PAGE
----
★ ★ ★ ★


 Cities of this Earth

He left on the night ferry with pack and passport, some money, not intending to travel thousands of miles, an unrealised artistic itch, curiosity about who might become characters in his life’s cast, momentum.  Arriving in the smudged harbour, this vast entrepôt where vehicles, trains, meet shipping, looking like an onshore seaman, in smoky grey drizzle, to a dawning echo of ships’ horns, he seethes with feeling, absorbed in being part of history’s surge of humanity to cover the Earth, creating its many peoples.  Joining workers in a café he blinks back tears of accomplishment, drinks awful dockside coffee, knowing no-one: freedom’s exhilaration.

He can’t predict he shall lose things he loves, not including his file of memories, safe from Google, will slouch on bar stools in distant cities, Glasgow, Barcelona, Berlin, Galway, abhorring an itinerary, where glasses tinkle, a barman mutters on his phone, a woman crosses the street seen from a window clutching her skirt in a gust of rain, curls bouncing in familiarity.  Here, untethered, tingling in this café listening to soft, accented epithets, uncertainty’s hum whispering, having fled decorum’s dull ache, he heaves his pack, pays, moves on to embrace the teeming brawl emerging from the shadows of an unknown city.

                  Lone wolf’s solitude
                  awakening to the thrum

Green Grass

It was because he faced years of limited or no reading for one who, as a child read by lamplight, a guilty secret in that milieu.  A rat reviled, he releases nervous energy mingling outside scanning for an assassin in a popular city alley, its graffiti attracting tourists.  The broken light of joy gleaned when his name was different, haunts him.  He would live in a stone house near a pier, the past cast off, with painted window boxes of flowers.  A girl walks his way carrying a basket as he wrinkles a dog’s ears.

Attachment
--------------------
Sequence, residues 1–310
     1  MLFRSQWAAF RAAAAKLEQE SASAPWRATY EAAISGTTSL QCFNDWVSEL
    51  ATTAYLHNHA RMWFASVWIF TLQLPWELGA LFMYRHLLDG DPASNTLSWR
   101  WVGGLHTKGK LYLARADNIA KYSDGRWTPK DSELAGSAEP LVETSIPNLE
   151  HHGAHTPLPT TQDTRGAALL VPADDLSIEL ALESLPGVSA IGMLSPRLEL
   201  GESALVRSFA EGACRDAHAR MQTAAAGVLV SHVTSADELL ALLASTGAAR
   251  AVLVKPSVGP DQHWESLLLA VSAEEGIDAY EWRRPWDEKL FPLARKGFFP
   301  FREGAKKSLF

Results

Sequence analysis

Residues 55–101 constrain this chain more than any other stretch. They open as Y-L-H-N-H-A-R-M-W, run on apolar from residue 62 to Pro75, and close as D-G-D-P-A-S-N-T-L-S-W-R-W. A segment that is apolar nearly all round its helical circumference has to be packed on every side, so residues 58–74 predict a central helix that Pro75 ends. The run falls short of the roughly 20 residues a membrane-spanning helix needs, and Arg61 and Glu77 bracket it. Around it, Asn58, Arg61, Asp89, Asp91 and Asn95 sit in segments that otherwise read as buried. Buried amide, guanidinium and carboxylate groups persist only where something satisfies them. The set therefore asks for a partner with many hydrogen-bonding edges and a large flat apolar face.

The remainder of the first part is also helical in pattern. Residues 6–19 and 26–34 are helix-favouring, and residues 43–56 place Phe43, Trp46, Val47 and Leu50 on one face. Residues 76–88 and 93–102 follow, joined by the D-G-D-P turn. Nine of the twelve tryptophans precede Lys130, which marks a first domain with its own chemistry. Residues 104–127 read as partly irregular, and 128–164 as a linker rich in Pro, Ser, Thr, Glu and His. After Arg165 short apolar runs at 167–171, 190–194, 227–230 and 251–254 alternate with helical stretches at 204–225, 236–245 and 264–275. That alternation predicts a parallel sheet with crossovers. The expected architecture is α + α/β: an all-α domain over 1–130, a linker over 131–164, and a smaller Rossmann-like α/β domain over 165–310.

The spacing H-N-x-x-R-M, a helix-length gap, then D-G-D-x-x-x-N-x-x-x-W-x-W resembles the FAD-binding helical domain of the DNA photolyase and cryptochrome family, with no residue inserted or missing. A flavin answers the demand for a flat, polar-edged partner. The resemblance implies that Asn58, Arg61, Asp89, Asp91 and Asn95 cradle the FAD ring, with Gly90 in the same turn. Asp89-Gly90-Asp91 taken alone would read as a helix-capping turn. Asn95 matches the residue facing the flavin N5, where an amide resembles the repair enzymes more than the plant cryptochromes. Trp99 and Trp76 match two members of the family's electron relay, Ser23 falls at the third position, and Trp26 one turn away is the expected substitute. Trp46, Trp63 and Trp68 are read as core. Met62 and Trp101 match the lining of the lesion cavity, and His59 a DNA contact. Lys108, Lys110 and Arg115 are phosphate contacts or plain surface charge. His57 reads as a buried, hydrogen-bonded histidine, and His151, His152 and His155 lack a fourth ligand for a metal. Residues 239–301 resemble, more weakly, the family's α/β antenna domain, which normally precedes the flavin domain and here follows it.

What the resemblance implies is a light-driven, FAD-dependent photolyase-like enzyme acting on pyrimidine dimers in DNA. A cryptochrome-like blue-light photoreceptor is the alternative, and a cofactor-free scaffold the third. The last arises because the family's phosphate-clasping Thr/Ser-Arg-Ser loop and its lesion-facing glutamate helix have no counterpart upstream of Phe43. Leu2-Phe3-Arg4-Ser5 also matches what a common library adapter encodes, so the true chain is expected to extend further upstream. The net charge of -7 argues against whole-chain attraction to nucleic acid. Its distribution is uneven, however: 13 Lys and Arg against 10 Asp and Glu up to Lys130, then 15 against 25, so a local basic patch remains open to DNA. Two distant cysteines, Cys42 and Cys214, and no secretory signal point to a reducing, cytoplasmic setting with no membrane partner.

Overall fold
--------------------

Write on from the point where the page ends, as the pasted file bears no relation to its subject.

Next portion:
He sleeps fully dressed, lit by pulsing neon.  Knowing they will come, thoughts funereal, he reasons death awaits us all, listens, tuned into anything different; an approach of addicts’ familiar tread, howling homeless shelter dreams, their sad hopes rotting in rooms with grimy glasses, bare light bulb décor, narrow beds, pillows rancid with despair.  A dog whimpers somewhere in the city.  He remembers the glimmer of light afforded by books, a girl’s doona-shrouded body warmth.

Stubbing, saving, a cigarette, he longs to disappear, wraithlike, his treasured share of the shakedown gone, grand plans drained like blood from a bullet hole.  Stupid, stupid.  Beyond the window, that dog again, a cry in the night.  Outside his blocked door a muffled alien sound.  A sloped sill reaches a drainpipe, grouted bricks afford knotty fingertip holds if he doesn’t look down.  Down is the problem, inching down, his direction until he can run, hide, slide, no longer.

                Coyote a caste
                apart, senses fine-tuned, sniffs
                yellow rainflower.

Ian C Smith’s work has appeared in, Amsterdam Quarterly, Antipodes, cordite, Poetry New Zealand, Poetry Salzburg Review, Southerly, & Two-Thirds North.  His seventh book is wonder sadness madness joy, Ginninderra (Port Adelaide).  He writes in the Gippsland Lakes area of Victoria, and on Flinders Island, Tasmania.


Submit a Comment

Your email address will not be published. Required fields are marked *

This site uses Akismet to reduce spam. Learn how your comment data is processed.